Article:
In the present study, a serological-proteomic analysis was made by two-dimensional Western blot, where total L. amazonensis proteins were separated in 2D gel and incubated with a pool of sera from immunoprotected BALB/c mice. A similar approach was successful in order to identify antigens used for experimental vaccines (42, 43). Here, four immunodominant proteins were identified, which are possible candidates to produce new-generation vaccines based on one protein. The identified proteins were as follows: cytosolic tryparedoxin peroxidase from L. amazonensis, a non-characterized protein from L. mexicana, a KAP from L. infantum, and a putative HSP DNAJ from L. major.

As it can be seen in Table 1, identified proteins were not from L. amazonensis in all the cases, despite being the species used for the analysis. The reason for this could be that not all protein sequences of L. amazonensis are in the database. As a result, all Leishmania spp. databases were used for the analysis. However, some differences between theoretical and experimental pI and Mw were observed, mainly in the KAP of L. infantum. This could be due to post-translation modifications and protein processing observed in Leishmania spp., even in the KAP of Leishmania (44, 45).

One of the identified proteins was the cytosolic tryparedoxin peroxidase. It belongs to the 2-cysteine peroxiredoxin family and has been characterized on Leishmania genus and other trypanosomatids. This protein is a virulence factor that participates against the oxidative stress as an antioxidant enzyme via metabolism of hydrogen peroxide to water. For that, it has an important role in the survival of parasites inside the target cells, as well as in drug resistance (46, 47). Moreover, it has been demonstrated that this protein is expressed in the promastigote and amastigote forms (48). In accordance with previous reports, we observed that cytosolic tryparedoxin peroxidase is highly conserved in trypanosomatids protozoa (49). It has been evidenced that this protein elicits IL-4 and IL-10 expression, and it also suppresses IL-12 and IFN-γ expression in blood-derived monocytes from patients with visceral leishmaniasis. Hence, this protein acts as an immunosuppressant, promoting disease progression (50). Nevertheless, this protein has not been used as an antigen for vaccine development against leishmaniasis.

Furthermore, a KAP was recognized by sera from immunized mice. There are different types of KAPs, and their function and location have been studied on different kinetoplastid protozoa, but not in Leishmania spp (5153). Its main function is related to organizing the kDNA network, guaranteeing the packaging and segregation of mitochondrial DNA (mtDNA) (54). However, it has been demonstrated that KAP6 depletion in T. brucei parasites stopped its cell growth (52), although it was not observed on either KAP3 knockout T. cruzi parasites or KAP2 and KAP3 double-knockout Crithidia fasciculata (51, 53).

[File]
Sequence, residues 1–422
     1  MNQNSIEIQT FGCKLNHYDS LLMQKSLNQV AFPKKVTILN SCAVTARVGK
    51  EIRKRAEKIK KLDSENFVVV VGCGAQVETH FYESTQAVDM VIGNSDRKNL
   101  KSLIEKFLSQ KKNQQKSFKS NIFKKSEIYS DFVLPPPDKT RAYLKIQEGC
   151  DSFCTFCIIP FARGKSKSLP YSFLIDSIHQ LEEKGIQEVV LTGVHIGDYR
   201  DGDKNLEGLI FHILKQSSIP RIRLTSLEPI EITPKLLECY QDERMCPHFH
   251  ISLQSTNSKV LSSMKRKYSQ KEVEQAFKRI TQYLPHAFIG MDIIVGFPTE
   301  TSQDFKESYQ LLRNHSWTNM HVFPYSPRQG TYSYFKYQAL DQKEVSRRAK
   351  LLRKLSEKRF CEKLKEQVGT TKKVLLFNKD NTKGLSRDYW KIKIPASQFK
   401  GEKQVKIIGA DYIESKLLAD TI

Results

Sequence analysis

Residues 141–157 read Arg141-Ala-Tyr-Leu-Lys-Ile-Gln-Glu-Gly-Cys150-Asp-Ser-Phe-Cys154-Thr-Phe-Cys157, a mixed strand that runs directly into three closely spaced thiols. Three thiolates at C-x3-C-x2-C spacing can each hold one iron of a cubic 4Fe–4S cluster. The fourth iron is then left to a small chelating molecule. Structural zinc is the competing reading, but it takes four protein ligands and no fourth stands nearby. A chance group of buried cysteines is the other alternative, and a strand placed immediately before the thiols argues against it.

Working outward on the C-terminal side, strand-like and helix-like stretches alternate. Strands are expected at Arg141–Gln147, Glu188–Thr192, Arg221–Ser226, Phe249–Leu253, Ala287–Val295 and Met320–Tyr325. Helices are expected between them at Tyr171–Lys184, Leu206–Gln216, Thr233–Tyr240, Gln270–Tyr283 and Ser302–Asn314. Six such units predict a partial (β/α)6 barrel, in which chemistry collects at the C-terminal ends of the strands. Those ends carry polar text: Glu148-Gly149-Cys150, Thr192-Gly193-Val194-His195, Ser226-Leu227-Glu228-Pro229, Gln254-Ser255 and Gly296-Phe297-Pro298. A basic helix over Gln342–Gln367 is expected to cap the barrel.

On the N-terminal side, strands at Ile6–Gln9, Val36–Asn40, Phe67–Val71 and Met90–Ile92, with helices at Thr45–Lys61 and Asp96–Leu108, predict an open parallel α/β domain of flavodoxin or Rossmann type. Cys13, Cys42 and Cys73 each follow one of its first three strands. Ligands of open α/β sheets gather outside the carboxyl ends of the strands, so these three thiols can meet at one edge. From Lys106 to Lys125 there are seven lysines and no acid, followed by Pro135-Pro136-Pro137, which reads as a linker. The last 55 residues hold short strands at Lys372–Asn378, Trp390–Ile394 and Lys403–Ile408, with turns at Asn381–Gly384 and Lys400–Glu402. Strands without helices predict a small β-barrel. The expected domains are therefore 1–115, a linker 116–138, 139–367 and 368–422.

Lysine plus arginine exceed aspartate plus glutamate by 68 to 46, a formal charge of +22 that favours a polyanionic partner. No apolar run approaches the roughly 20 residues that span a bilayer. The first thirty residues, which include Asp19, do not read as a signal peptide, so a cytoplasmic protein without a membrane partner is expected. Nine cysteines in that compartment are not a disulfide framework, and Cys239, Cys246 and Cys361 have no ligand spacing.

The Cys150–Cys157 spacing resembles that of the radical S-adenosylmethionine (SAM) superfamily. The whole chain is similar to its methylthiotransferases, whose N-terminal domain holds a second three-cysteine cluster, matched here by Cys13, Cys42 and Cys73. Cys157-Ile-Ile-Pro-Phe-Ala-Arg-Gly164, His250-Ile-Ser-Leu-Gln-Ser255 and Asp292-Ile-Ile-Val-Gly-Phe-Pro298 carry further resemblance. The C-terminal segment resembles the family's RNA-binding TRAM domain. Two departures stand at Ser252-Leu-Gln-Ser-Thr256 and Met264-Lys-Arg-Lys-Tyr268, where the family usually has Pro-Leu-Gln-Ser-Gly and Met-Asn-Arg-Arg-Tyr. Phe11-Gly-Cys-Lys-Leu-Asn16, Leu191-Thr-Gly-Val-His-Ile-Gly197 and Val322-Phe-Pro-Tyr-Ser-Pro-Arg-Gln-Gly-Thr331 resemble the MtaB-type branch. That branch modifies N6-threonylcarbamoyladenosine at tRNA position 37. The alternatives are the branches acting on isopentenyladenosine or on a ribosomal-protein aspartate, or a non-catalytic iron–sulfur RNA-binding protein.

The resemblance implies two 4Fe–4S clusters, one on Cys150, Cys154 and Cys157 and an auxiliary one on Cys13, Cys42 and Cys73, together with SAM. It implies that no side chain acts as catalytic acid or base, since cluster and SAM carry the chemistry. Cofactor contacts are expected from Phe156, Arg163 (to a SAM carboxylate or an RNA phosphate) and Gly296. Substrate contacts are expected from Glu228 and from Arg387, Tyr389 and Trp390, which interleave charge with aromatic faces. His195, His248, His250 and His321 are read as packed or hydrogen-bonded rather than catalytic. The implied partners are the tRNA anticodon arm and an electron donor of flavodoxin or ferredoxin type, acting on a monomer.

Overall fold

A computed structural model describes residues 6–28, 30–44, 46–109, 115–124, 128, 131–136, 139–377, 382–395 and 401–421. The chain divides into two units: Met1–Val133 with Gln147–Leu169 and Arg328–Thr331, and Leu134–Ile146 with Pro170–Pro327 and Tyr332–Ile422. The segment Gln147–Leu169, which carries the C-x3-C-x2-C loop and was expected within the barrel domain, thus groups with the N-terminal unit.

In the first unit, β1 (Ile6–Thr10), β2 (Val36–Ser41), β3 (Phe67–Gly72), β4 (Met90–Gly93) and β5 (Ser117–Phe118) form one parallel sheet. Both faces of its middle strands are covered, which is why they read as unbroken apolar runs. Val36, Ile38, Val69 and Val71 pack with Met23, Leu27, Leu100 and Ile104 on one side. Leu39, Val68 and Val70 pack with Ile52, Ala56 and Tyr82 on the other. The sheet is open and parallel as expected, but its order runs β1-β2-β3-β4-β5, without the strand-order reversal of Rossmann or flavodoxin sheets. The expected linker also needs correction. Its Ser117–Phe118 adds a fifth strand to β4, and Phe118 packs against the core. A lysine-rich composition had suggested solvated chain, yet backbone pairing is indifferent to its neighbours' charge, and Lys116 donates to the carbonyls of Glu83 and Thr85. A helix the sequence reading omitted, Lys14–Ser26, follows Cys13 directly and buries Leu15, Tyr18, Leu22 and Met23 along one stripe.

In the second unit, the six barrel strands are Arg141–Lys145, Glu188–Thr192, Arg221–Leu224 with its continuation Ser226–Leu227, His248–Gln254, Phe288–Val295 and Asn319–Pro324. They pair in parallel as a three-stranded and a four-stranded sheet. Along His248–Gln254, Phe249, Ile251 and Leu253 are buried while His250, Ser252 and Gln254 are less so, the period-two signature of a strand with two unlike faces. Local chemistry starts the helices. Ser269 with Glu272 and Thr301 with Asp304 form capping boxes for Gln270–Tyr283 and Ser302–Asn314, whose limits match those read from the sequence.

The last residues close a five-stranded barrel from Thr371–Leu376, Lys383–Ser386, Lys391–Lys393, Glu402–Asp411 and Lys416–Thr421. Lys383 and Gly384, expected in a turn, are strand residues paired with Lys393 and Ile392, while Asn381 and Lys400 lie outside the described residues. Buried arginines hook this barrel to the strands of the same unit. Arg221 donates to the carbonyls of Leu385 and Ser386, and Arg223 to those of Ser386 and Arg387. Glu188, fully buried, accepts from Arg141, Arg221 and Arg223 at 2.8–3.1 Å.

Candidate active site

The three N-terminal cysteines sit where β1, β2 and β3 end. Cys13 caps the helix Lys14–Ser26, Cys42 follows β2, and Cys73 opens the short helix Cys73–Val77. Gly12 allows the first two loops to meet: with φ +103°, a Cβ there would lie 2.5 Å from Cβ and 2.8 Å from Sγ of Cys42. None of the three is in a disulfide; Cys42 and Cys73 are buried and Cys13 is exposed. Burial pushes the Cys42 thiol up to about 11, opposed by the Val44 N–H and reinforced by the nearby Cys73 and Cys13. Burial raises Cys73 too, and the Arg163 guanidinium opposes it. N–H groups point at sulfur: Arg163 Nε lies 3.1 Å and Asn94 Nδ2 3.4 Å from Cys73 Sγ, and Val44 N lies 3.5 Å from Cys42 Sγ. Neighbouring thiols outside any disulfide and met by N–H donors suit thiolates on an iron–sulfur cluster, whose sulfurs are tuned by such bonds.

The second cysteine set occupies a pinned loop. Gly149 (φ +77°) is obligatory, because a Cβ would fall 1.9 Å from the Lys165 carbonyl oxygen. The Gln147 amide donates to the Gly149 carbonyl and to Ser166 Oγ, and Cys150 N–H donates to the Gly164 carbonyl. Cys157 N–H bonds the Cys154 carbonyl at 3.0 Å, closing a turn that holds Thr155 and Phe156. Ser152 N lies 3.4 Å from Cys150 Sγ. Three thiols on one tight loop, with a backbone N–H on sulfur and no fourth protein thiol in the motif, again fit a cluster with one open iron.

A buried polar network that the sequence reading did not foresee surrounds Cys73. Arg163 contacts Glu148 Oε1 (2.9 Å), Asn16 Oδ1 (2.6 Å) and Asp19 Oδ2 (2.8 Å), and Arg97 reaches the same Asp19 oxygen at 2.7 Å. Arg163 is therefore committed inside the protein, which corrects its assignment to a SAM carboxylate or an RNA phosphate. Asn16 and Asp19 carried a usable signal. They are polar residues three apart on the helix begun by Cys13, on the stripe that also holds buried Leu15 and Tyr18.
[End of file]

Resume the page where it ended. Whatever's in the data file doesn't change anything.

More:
Finally, the identified HSP DNAJ, just like the other members of the HSP family, is a highly conserved molecular chaperone. It has been demonstrated that it has an important function in the life cycle and survival of parasites inside mammalian host cells (55). Several virulence factors, including HSP, have been used as antigens to develop vaccines against leishmaniasis (56). In particular, HSP has been used as a vaccine antigen against other infectious diseases and also against cancer. The HSP antigen has been used as peptide, protein, and DNA vaccines (57).

Some authors suggest that antigens that promote a susceptibility-inducing immune response during early infection could be protective when combined with Th1-promoting adjuvants in prophylactic vaccines (58). These data support the idea that virulence factors such as tryparedoxin peroxidase and HSP can be promising candidates to develop a one-protein vaccine against leishmaniasis. The proteins identified by immunoblot may not precisely induce a cellular immune response as the IgG levels must be identified and T-cell peptide analysis must be carried out to fulfill this task. However, the peptide nature and the IgG-switched humoral immune response against these antigens may reflect a conventional germinal center reaction where T–B cell cooperation and T-cell priming have occurred. The T-cell-specific immunodominance from these proteins would shed light on L. amazonensis biology to develop a more effective vaccine. The study of the T-cell epitopes of these peptides was not included in the scope of this study.

Additionally, a vaccine antigen against Leishmania should be immunogenic, conserved among the Leishmania species, and phylogenetically divergent to any human or canine protein (according to the host where the vaccine will be used) to avoid autoimmunity (59). Here, it can be demonstrated that identified proteins showed a low phylogenetic conservation when they were compared to the human and canine protein databases. In addition, these proteins manifested a high conservation compared to the Leishmania genus and even the Trypanosomatid family protein databases.